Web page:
Monday, March 4, 2013

Advanced Chinese Reader by John DeFrancis

Not quite as user-friendly as the preceding volumes
Advanced Chinese Reader is the fifth and final volume in the Chinese Reader series of textbooks by John DeFrancis. It was originally published in 1966. Though the book utilizes the same effective method of instruction DeFrancis developed in the previous volumes of the series, the Advanced volume is structured a bit differently. While the Beginning and Intermediate levels are divided into two volumes each, the Advanced level is contained in one single volume. Nevertheless, it still presents 400 new Chinese characters, so the same amount of content is packed into a smaller package. This book has 25 lessons, each featuring 16 new characters and hundreds of character compounds (words or phrases). Unlike the previous volumes, there are no review lessons. Each character combination is presented in a sample sentence. Only a few of the more complicated sentences are translated into English. Each lesson also contains from nine to fifteen pages of reading passages, all in paragraph prose, sometimes in the form of personal letters. There are no dialogues in this book. The Chinese characters in this volume are one-half the height of those in the Intermediate volumes, so DeFrancis can cram a lot of material into fewer pages. Some of the individual reading passages can run as long as three pages. These longer pieces are often summaries of or paraphrased excerpts from classic works of Chinese literature and philosophy, such as the novel Dream of the Red Chamber or Sun Yat-sen's Three People's Principles. As in the previous volumes, the supplemental lessons on modern characters appear at the back of the book, along with all of the usual charts and glossaries.

Because of the increase in the amount of content to be learned, and the lack of review lessons, this volume requires a lot more hard work on the part of the reader to learn and retain the information. It’s not quite as simple as the learning by osmosis that one experiences with the Beginning and Intermediate levels. You must do your own reviewing, including memorization drills, in order to keep all the characters straight, or you will drown beneath the flood of new characters and compounds that inundates you with each chapter. Still, if you’ve made it this far, you’re probably willing to put in the extra effort, and the harder you work the more you’ll learn.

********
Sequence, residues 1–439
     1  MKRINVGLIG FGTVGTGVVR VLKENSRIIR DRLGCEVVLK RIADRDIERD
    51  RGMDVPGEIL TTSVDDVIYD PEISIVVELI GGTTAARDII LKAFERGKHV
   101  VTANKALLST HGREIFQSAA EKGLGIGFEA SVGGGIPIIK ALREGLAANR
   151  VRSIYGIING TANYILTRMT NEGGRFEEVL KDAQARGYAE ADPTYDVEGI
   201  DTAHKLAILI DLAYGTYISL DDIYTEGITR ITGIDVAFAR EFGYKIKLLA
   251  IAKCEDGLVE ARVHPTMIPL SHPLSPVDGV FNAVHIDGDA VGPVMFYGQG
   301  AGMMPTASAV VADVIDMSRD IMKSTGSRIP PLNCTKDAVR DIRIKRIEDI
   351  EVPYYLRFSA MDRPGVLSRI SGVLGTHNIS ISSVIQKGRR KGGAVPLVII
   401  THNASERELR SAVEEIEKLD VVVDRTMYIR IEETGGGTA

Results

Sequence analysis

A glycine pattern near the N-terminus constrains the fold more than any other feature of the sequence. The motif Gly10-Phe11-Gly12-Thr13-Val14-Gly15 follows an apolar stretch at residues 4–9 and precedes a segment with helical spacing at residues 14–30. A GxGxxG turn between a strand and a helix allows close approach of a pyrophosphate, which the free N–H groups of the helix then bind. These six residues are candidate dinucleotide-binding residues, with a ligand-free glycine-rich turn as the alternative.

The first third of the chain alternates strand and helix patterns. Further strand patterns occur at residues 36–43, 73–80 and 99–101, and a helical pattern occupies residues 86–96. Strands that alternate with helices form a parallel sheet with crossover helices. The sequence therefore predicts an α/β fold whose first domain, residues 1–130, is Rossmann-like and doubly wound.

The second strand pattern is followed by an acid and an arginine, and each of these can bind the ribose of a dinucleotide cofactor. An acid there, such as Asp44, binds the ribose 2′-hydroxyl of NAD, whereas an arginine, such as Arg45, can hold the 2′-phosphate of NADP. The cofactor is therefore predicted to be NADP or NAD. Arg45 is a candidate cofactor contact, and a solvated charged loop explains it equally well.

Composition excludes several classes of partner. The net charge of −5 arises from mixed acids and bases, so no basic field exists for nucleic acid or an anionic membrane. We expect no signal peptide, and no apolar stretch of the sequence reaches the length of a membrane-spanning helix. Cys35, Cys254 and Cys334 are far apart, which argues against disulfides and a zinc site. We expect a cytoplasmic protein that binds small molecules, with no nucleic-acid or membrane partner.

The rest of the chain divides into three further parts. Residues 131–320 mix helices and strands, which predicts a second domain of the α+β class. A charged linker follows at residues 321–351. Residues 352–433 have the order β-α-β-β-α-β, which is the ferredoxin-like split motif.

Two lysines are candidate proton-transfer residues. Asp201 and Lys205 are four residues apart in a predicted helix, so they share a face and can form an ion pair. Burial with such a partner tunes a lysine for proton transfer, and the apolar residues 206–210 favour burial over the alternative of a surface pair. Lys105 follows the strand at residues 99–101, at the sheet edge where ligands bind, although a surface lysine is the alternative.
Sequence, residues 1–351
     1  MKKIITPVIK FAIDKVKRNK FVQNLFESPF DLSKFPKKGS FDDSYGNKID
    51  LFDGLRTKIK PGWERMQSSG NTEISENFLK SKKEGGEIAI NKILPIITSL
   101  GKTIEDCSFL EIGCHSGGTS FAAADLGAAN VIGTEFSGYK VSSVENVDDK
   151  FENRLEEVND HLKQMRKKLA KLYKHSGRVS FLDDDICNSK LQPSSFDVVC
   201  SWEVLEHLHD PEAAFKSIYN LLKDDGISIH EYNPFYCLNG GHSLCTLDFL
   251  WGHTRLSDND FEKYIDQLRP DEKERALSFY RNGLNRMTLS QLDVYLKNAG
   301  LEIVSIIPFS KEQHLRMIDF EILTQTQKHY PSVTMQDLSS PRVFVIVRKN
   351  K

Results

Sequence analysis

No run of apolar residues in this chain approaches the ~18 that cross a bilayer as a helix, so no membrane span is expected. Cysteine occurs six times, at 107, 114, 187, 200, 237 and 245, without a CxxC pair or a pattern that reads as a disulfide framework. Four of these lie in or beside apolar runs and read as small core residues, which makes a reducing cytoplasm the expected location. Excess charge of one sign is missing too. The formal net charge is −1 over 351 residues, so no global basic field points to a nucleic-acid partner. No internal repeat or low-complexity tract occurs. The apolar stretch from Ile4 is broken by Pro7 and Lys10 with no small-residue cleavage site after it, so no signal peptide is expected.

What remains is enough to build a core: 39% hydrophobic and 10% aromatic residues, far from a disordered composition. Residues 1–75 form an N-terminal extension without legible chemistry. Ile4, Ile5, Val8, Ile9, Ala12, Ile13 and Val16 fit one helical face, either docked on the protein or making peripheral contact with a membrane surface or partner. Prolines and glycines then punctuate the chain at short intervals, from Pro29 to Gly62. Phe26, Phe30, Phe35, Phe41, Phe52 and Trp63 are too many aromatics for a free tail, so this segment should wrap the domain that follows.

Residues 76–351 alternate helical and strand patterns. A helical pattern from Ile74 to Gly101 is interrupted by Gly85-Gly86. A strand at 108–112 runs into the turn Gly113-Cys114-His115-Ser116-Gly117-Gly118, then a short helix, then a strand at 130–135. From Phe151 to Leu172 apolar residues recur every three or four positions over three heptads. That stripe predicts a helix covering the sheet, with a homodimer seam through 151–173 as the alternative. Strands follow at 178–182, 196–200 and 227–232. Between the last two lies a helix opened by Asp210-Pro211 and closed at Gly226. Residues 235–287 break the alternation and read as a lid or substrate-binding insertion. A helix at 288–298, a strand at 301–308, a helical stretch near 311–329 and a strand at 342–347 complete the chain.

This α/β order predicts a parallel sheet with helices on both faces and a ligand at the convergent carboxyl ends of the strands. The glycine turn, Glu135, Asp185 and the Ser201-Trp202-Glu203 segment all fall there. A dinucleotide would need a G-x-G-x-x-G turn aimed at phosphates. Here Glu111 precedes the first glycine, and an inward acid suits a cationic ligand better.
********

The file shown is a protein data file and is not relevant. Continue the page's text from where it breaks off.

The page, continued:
The copy of this book that I received from Amazon appears to be a print-on-demand book, meaning that instead of the publisher printing up thousands of copies on a printing press and then storing them in a warehouse, the book is laser printed after you purchase it. Though it’s not glaringly noticeable, the printing is not of the same level of quality that you get from an offset printing press. The result is that some of the more intricate Chinese characters are difficult to read because the spaces between strokes fill in and the details get muddy. Of course, if you ever try to read a Chinese newspaper, the characters aren’t going to be crystal clear either, so in that sense this book offers you some practice in distinguishing hard-to-read characters. Although I’m not crazy about the quality of the print-on-demand process, it serves the purpose of making it cost effective for the publisher to keep this book in print, thereby insuring that those with a desire and determination to learn the written Chinese language will always have access to this important and effective textbook.

If you liked this review, please follow the link below to and give me a “helpful” vote. Thank you.

1 comment:

  1. After reading your review I have one question: How far do you think that the books take you after finishing each of the levels? Do you think that after finishing with the Intermediate level you can read written material with relative fluidity? And after the Advanced level?
    Finally, which level of the HSK test do you think that the reading of the books prepare you for?